Rapid depolarization is started once the membrane potential reaches a certain threshold (about -70 to -60 mV). This produces activation of sodium channels and a rapid influx of Na+ and a corresponding rapid upstroke of the action potential. At higher potentials (-40 to -30) Ca2+ influx participates in the upstroke. In the sinus node and AV node a slower upstroke can be observed (Figure 2). This is because the rapid depolarization in these cells is mainly mediated by the slower acting Ca2+ ion channels. The slower activation produces a slower upstroke.

Phase 1: Early Rapid Repolarization

Immediately following rapid depolarization, the inactivation of the Na+ channel (INa) and subsequent activation of the outward K+ channel (Ito) and the Na+/Ca2+ exchanger (INa,Ca), which exchanges 3 Na+ for 1 Ca2+, produces a early rapid repolarization. Due to the limited role of the Na+ channel in the upstroke of sinus node and AV node cells and the subsequent slower depolarization, this rapid repolarization is not visible in their action potentials (Figure 2).

Phase 2: Plateau

The plateau phase represents an equal influx and efflux of ions in or out of the cell producing a stable membrane potential. This plateau phase is predominantly observed in the ventricular action potential. The inward movement of Ca2+ through the open L-type Ca2+ channels (ICa-L) and the exchange of Na+ for internal Ca2+ by the Na+/Ca2+ exchanger (INa,Ca) are responsible for the influx of ions during the plateau phase. The efflux of ions is the result of outward current carried by K+ (IKur and Ks).

Phase 3: Final Rapid Repolarization

Final repolarization is mainly caused by inactivation of Ca2+ channels, reducing the influx of positive ions. Furthermore repolarizing K+ currents (delayed rectifier current IKs and IKr and inwardly rectifying current IK1 and IK,Ach) are activated which increase efflux of positive K+ ions. This results in an repolarization to the resting membrane potential.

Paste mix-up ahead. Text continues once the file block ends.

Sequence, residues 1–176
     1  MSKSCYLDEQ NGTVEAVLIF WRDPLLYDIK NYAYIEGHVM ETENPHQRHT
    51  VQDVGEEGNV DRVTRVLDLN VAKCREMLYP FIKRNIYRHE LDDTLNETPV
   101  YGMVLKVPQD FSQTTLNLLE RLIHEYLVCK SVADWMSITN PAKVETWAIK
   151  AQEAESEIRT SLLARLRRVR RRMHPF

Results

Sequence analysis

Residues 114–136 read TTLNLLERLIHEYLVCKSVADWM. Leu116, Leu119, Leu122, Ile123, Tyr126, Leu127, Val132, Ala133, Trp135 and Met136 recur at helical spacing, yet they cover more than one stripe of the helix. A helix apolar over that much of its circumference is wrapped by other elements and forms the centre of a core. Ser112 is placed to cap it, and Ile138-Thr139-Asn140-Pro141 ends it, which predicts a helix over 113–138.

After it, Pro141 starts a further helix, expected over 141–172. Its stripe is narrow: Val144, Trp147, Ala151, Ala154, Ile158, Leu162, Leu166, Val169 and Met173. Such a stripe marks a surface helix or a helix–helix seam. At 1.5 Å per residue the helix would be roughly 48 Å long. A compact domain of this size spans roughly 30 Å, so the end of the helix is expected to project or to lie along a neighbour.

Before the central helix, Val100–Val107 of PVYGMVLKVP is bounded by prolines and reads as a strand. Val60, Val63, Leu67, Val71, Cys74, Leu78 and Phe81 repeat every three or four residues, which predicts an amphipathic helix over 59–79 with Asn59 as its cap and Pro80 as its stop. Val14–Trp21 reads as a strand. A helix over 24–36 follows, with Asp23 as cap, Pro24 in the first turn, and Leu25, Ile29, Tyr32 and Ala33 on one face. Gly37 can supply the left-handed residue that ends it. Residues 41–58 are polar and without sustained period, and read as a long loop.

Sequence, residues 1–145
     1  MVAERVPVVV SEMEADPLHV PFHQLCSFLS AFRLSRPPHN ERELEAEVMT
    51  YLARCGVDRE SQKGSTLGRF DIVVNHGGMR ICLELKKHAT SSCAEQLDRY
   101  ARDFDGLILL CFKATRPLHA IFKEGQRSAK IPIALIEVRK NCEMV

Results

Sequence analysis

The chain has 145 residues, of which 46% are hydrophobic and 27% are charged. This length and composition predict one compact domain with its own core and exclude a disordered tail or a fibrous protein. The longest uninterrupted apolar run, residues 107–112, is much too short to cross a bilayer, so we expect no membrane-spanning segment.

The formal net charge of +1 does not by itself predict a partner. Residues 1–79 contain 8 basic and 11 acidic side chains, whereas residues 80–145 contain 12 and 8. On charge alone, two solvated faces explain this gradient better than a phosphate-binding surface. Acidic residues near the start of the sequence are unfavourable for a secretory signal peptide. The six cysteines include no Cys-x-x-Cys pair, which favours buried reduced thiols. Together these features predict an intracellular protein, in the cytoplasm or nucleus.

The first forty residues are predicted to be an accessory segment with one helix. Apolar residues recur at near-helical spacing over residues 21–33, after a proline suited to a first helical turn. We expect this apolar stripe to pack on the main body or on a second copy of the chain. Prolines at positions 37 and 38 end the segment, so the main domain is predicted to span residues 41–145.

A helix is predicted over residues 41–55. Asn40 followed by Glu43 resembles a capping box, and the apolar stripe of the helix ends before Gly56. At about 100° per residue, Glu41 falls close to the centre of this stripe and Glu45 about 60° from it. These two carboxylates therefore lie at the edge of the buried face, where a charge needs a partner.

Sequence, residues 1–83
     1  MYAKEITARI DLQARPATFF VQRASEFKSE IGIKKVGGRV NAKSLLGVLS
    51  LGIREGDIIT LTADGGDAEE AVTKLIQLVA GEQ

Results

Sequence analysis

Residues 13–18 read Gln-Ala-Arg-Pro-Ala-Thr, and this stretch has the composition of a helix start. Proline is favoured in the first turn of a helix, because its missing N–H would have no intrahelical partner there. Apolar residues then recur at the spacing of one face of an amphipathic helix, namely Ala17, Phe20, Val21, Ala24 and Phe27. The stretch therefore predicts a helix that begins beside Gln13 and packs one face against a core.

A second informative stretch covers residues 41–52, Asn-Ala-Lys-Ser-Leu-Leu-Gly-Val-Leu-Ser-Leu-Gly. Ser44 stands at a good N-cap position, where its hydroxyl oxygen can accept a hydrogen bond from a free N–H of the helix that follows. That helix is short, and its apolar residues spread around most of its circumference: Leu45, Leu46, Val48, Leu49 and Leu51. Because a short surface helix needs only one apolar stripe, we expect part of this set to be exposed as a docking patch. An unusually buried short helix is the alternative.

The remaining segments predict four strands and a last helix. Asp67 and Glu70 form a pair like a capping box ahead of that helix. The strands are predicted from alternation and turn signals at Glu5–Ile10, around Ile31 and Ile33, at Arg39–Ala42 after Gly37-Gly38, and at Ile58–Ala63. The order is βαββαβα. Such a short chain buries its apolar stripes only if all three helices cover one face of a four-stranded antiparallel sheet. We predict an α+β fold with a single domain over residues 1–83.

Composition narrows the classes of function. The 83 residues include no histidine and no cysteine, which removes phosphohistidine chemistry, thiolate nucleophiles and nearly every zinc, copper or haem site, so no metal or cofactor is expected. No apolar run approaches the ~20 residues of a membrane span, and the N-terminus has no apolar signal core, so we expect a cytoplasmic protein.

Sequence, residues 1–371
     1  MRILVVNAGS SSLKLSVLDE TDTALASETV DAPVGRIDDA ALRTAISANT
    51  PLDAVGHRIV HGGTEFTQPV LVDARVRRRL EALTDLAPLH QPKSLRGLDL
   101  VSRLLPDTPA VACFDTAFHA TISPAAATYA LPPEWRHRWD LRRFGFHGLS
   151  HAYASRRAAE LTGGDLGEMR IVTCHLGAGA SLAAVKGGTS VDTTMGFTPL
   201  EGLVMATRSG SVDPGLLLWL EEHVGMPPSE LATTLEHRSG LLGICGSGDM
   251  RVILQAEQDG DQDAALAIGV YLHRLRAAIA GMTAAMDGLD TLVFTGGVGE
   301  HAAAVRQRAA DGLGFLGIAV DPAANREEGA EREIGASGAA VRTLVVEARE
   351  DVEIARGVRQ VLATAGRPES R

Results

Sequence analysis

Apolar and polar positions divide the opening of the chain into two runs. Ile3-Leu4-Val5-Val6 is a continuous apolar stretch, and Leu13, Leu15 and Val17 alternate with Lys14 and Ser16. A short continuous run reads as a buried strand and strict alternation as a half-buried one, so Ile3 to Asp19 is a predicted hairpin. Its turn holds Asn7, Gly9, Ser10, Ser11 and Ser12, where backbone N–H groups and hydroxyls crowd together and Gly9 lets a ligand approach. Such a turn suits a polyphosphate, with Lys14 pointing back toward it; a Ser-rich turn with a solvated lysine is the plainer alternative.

Phase 4: Resting membrane potential

During phase 4 of the action potential intracelullar and extracellular concentrations of ions are restored. Depending on cell type the resting membrane potential is between -50 to -95 mV. Sinus node and AV nodal cells have a higher resting membrane potential (-50 to -60 mV and -60 to -70 respectively) in comparison with atrial and ventricular cardiomyocytes (-80 to -90 mV). Sinus node cells and AV nodal cells (and to a lesser degree Purkinje fibers cells) have a special voltage dependent channel If, the funny current. Furthermore they lack IK1, a K+ ion channel that maintains the resting membrane potential in atrial and ventricular tissue. The If channel causes a slow depolarization in diastole, called the phase 4 diastolic depolarization, which results in normal automaticity. The frequency of the sinus node discharges are regulated by the autonomous nerve system and due to the relative high firing frequency (60-80 beats per minute) the sinus node dominates other potential pacemaker sites.